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Molehill Spinning Cube

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There was quite a meltdown of posts after the release of Molehill yesterday. Unfortunately, most of the posts were either “our huge 3D framework now supports Molehill” or “hey check out this awesome demo I made and no you can’t see the source.” Michael Baczynski posted a great 2D example, though.

Luckily, I’ve done this 3D thing a few times. In the spirit of getting people started, here’s an example of a spinning 3D cube using the new Molehill APIs:

Flash is required to view this content.

Okay, maybe I added some tweening. This is Flash, after all.

You can view the source here:

You’ll also need this guy from Adobe (throw it into a com/adobe/utils folder):

I use the command line Flex SDK on Mac. It took a few steps to get everything up and running so I could build Molehill code. Here’s what you need to do:

  1. Download and install the incubator release of Flash Player 11
  2. Download build 19786 from the Flex SDK Hero stable builds table
  3. Extract the SDK somewhere (e.g. /Developer/SDKs/flex_sdk_4.5)
  4. Create a new folder in the SDK: mkdir /Developer/SDKs/flex_sdk_4.5/frameworks/libs/player/11.0
  5. Download the SWC for Flash Player 11 and move it into the new 11.0 folder you created. Name it playerglobal.swc.
  6. Compile using the bin/mxmlc from this new SDK, and add -swf-version and -target-player to the command line parameters: mxmlc -swf-version=13 -target-player=11.0.0 -o bin/cube.swf src/Cube.as

I’ll highlight a few parts of the code.

_stage = stage.stage3Ds[0];
_stage.addEventListener(Event.CONTEXT3D_CREATE, onContext);
_stage.viewPort = new Rectangle(0, 0, _width, _height);

The first thing you need to do is request a 3D rendering context. The stage will fire a CONTEXT3D_CREATE event once the context is ready for you. You can also define the viewport size you want to use for that context.

_context = _stage.context3D;
_context.configureBackBuffer(_width, _height, 2, true);
_context.enableErrorChecking = true;

Once the context is ready, you need to initialize it. configureBackBuffer allows you to set the pixel width and height of the buffer, the amount of anti-aliasing, and whether or not you want depth and stencil buffers. enableErrorChecking will allow the context to throw errors when you make calls to context.clear() or context.drawTriangles(). This will, however, cause a bit of a performance hit, as it forces these calls to block.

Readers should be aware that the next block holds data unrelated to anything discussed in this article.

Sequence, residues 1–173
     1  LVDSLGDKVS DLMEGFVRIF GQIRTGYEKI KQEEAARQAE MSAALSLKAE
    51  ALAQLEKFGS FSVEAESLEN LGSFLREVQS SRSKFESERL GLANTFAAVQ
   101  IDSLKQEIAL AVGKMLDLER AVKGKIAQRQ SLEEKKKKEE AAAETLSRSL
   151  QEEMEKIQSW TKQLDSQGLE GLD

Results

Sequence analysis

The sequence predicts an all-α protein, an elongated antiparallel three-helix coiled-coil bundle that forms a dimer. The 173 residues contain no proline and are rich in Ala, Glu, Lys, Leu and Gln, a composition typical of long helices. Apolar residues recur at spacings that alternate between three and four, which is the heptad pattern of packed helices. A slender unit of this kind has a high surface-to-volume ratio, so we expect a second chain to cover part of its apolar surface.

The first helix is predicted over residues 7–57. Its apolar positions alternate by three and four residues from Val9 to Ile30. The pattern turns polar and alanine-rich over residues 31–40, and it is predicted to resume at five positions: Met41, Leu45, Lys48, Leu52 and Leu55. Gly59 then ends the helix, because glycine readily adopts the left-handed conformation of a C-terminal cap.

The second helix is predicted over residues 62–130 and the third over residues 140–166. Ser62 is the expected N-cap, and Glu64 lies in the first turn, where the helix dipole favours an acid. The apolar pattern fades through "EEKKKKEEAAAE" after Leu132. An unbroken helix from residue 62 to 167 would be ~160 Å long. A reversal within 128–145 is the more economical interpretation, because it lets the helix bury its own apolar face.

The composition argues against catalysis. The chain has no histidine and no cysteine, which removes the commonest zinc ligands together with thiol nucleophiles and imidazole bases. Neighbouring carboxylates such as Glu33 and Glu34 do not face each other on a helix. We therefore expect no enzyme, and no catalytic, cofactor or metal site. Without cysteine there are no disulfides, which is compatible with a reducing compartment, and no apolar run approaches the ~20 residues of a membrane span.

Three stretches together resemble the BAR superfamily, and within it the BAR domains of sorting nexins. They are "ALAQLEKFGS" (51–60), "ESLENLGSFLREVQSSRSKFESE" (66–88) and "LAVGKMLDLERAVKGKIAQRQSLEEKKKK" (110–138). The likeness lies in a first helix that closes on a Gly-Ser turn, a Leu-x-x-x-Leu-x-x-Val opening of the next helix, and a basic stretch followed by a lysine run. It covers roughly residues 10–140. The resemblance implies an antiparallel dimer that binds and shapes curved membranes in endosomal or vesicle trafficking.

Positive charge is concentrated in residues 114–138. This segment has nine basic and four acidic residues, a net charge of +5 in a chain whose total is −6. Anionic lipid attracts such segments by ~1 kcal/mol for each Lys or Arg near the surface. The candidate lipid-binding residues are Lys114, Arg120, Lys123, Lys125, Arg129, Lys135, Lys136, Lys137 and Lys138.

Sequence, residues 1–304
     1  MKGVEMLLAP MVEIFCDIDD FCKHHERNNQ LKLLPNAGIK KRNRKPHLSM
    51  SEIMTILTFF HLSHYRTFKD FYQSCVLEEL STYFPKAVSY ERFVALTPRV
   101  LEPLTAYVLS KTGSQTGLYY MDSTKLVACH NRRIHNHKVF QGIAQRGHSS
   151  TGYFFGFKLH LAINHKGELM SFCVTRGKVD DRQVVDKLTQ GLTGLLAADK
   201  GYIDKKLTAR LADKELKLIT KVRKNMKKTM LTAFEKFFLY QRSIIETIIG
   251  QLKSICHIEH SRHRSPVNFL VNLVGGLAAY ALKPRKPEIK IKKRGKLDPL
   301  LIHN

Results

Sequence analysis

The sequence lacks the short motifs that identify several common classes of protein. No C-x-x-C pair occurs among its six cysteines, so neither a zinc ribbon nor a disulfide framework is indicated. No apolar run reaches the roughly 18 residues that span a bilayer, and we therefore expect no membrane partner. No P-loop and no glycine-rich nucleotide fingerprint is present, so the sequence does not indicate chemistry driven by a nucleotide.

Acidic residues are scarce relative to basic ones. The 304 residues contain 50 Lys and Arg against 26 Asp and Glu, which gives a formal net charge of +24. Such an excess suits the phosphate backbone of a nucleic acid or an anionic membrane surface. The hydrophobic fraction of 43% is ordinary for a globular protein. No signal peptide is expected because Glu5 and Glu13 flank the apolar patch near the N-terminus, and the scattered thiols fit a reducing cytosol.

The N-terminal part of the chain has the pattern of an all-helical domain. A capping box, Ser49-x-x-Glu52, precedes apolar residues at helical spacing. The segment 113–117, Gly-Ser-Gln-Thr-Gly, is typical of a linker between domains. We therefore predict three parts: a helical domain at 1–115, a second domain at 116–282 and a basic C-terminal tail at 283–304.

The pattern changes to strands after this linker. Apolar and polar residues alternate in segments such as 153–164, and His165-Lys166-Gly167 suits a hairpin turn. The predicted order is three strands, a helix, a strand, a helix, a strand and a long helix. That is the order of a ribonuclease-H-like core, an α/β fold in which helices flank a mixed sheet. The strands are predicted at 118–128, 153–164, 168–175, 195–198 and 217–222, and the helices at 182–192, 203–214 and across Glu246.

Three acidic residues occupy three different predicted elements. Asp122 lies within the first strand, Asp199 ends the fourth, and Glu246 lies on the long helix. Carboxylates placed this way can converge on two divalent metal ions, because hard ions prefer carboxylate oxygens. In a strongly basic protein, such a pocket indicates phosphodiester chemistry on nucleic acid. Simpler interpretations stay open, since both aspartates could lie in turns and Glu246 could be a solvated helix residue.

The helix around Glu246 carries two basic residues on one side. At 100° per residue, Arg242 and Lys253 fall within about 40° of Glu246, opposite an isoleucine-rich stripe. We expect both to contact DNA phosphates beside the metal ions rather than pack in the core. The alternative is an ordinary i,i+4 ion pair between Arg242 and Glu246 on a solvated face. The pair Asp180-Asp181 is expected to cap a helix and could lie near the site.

_projection = perspectiveProjection(60, _width / _height, 0.1, 2048);

You’ll need to create a projection matrix to transform your vertexes. I tried to get this working with the old flash.geom.PerspectiveProjection class, but it just would not behave. I ended up rolling my own and life got a lot easier.

This demo uses standard OpenGL axes: * -x / +x = left / right * -y / +y = down / up (opposite what you’re used to in 2D) * -z / +z = far / near

_vertexBuffer = _context.createVertexBuffer(_cubeVertexes.length / 6, 6);
_vertexBuffer.uploadFromVector(_cubeVertexes, 0, _cubeVertexes.length / 6);
_context.setVertexBufferAt(0, _vertexBuffer, 0, Context3DVertexBufferFormat.FLOAT_3);
_context.setVertexBufferAt(1, _vertexBuffer, 3, Context3DVertexBufferFormat.FLOAT_3);

_indexBuffer = _context.createIndexBuffer(_cubeIndexes.length);
_indexBuffer.uploadFromVector(_cubeIndexes, 0, _cubeIndexes.length);

You’ll be using vertex and index buffers for everything in Molehill. The vertex buffer I use in this example has the format (x, y, z, r, g, b). The setVertexBufferAt calls are supplying this data to the vertex program as two separate tuples: va0 = (x, y, z) and va1 = (r, g, b).

The index buffer is created, but isn’t used until later.

var vsAssembler:AGALMiniAssembler = new AGALMiniAssembler;
vsAssembler.assemble(Context3DProgramType.VERTEX, [
  "m44 op, va0, vc0",  // multiply vertex by modelViewProjection
  "mov v0, va1"        // copy the vertex color

var fsAssembler:AGALMiniAssembler = new AGALMiniAssembler;
fsAssembler.assemble(Context3DProgramType.FRAGMENT, [
  "mov oc, v0"  // output the fragment color

_program = _context.createProgram();
_program.upload(vsAssembler.agalcode, fsAssembler.agalcode);

This code is just setting up some bare bones vertex and fragment shaders. The vertex shader transforms the vertex, and sends the color data down to the fragment shader. The fragment shader just uses the color directly.

Once all the setup is done, there are just a few things to be done each frame.

  Context3DProgramType.VERTEX, 0, _modelViewProjection, true);

Once I’ve concatenated the modelView and projection matrices, this line makes the matrix available to the vertex shader as a constant (vc0).


These three lines are pretty straightforward: clear the screen, draw the triangles specified by the given index buffer, then get it all onto the screen. Note that clear defaults to black, but allows you to supply a color and clear value for the various buffers. drawTriangles also defaults to drawing all triangles, but can optionally take an offset and limit.

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